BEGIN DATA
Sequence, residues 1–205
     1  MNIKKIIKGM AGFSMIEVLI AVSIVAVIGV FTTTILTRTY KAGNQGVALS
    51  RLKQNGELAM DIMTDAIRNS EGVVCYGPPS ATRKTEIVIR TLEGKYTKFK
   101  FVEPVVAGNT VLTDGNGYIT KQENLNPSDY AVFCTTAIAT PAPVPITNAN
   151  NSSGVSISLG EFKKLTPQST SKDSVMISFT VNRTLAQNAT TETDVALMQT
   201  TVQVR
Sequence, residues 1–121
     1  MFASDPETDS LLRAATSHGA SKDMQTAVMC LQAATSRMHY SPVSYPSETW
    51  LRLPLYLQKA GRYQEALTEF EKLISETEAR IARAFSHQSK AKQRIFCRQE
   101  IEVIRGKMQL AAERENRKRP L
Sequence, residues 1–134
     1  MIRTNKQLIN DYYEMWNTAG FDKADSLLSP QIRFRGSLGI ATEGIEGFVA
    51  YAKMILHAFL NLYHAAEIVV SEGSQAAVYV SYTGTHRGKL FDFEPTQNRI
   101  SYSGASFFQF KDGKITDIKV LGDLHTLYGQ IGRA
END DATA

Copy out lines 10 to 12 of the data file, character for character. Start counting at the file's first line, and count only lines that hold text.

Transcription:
   101  IEVIRGKMQL AAERENRKRP L
Sequence, residues 1–134
     1  MIRTNKQLIN DYYEMWNTAG FDKADSLLSP QIRFRGSLGI ATEGIEGFVA